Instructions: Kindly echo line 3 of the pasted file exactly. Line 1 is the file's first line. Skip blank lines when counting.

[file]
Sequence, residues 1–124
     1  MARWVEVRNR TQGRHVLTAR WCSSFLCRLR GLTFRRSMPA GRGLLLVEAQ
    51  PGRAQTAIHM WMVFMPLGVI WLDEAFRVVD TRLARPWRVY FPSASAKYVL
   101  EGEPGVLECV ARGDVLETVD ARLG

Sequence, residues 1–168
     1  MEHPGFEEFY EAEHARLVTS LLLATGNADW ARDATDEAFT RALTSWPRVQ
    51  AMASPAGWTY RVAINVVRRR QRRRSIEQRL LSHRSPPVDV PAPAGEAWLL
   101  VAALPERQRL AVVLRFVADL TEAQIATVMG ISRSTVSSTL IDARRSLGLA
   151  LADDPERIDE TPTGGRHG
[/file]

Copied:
    51  PGRAQTAIHM WMVFMPLGVI WLDEAFRVVD TRLARPWRVY FPSASAKYVL